Predictably, it’s time to review the second film in “The Matrix” trilogy. Let’s reload before the revolutions begin…
It’s funny how “The Matrix” series and the “Pirates of the Caribbean” series mirror each other. You get the sleeper hit of the first one, which becomes ridiculously popular on Video/DVD. Then some odious film fucks decide that they don’t have enough mountains of Coke at their parties so they commission sequels to be filmed back-to-back. The second one is ridiculously complicated and sours hopes for the third one. The third one is released and somehow manages to fall below even the lowest expectations of the World-weary audience. What’s that? A plot summary? Good luck. The film is way too convoluted. Basically, Neo (Keanu Reeves) is the One and can shape everything in the Matrix (i.e. the World we live in) to his will. He can defeat Agents, fly, but somehow still can’t act. Trinity (Carrie-Anne Moss) is also still inexplicably in love with him. Agent Smith (Hugo Weaving) is somehow back and can now replicate himself. Morpheus (Laurence Fishburne) is also in the mix somewhere.
I think the key word to describe “Reloaded” is “overambitious”. There are some truly great ideas here, but they are dealt with in a sloppy way. A prime example of this was the much hyped “Burly Brawl” in which Neo takes on hundreds of Agent Smiths. It’s a fantastic concept, but there were limits to the technology and the fight goes from an ingenious scrap between 10 Smiths and Neo, to a video game cutscene featuring a block of pixels vaguely resembling Keanu Reeves. Six years on, I’m still sure that it couldn’t be pulled off convincingly with today’s technology. It’s a case of big idea, limited means.
One of the biggest mistakes “Reloaded” makes is that we spend too much time in “the real World”, i.e. a scummy, muddy cave city called Zion where they have sweaty slow-motion raves to shitty music. It’s really boring. When we were in the real World in “The Matrix”, it was passable because the characters were interesting enough to make us want to know more about them. Thing is, they pretty much killed all the interesting characters in the first one, so that sucks balls. Speaking of which- a Trinity/Neo sex scene? Who’s bright idea was that? It would be O.K. if it wasn’t so embarrassingly done. I know the scene is there to prove to us that Trinity and Neo are a loving couple- and that’s fine. However, the way it’s done comes across as one of those foreign “art” films where they all get naked and shag in low-level lighting to odd music. (Sigh)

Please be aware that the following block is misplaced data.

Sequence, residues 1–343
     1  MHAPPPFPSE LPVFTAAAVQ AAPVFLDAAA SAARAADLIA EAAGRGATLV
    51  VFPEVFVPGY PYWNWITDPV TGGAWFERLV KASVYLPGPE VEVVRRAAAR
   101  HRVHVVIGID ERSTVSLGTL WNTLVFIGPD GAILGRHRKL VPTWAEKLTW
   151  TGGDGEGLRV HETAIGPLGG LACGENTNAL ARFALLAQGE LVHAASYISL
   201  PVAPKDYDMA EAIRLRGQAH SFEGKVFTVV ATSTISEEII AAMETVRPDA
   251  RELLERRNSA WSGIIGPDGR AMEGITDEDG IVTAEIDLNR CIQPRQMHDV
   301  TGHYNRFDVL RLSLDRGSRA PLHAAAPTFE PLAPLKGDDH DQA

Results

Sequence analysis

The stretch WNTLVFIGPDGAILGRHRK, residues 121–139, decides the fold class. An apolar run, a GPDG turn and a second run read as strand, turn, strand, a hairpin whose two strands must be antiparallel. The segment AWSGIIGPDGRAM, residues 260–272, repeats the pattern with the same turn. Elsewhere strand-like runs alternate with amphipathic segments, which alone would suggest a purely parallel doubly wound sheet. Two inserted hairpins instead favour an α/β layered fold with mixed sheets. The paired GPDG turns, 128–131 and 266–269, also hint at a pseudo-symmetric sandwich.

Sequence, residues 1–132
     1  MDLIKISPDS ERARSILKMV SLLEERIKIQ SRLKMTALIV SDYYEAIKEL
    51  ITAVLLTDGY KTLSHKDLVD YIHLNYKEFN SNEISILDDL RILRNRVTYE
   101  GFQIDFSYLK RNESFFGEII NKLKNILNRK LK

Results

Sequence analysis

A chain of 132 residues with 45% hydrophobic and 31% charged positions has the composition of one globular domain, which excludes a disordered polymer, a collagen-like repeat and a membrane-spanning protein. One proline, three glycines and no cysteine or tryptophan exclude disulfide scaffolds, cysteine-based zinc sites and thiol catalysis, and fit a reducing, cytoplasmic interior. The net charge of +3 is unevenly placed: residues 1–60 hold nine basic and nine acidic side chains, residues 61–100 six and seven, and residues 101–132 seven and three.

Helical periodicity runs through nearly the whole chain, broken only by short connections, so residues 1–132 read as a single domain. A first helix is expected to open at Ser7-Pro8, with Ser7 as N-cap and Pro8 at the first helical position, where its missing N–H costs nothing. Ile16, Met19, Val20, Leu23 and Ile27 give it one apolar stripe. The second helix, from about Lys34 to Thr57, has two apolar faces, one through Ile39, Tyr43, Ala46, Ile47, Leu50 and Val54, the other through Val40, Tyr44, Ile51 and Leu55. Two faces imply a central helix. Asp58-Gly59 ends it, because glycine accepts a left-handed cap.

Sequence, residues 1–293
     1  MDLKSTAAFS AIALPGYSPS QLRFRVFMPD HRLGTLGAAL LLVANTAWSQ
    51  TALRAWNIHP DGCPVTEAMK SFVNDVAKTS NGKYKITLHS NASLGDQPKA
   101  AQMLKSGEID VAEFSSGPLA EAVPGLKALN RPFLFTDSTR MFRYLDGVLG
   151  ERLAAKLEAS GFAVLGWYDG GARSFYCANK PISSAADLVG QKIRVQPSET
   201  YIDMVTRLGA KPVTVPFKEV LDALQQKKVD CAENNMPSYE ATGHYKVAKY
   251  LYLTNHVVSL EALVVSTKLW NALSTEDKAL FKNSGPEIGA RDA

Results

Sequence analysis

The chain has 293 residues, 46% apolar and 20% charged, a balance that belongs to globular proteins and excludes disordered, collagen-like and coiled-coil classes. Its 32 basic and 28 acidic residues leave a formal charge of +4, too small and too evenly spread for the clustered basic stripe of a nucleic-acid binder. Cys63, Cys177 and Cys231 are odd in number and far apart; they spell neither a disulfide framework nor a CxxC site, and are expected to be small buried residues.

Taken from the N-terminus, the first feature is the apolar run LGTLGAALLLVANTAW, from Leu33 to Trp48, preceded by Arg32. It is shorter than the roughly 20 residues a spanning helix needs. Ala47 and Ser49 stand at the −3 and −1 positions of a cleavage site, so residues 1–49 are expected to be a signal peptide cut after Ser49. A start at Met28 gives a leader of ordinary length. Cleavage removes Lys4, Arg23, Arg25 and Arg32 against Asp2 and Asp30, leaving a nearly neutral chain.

A lot that the scenes I like in “Reloaded” are often the lower-key ones. I liked seeing the Oracle (Gloria Foster) again, eventhough her lines are nowhere near as good as they were in the first one. I also liked the one-on-one fight between Neo and Seraph (Collin Chou). In fact, the thing I liked most about the huge freeway sequence was the Morpheus/Agent fight on top of a truck. It’s very well done. Clearly a lot of work (and money) went into the freeway sequence. It’s huge in scale. However, it says a lot that my favourite bit wasn’t any of the car flipping or the bike racing, but some good old fashioned fisticuffs on top of a truck. Maybe they should have concentrated on that rather than all this superfluous stuff. Talking of superfluous, the Twins- why were they in it? Completely wasted potential as I liked their unique gimmick of becoming all transparent and ghost-like at will. They were British though, so they reminded me Hollywood can go fuck itself.
I can’t review this film without talking about the infamous “Architect” scene. What the fuck is Colonel Sanders on about? I’m not stupid but I found myself getting lost in the sea of elongated words and mini T.V. Neos. Much like the rest of the film it’s abstruse (see what happens when you use words that people don’t generally know? You’re taken right out of it…)
“Reloaded” was never going to live up to being a worthy successor to “The Matrix”. It just couldn’t have the impact that the first film had. It sacrifices the human element for action and then expects you to pay attention when it’s talking about all its religious/mythological bullshit parallels. I therefore give it an average 3 stars. Ergo! Vis-a-vis! Concordantly!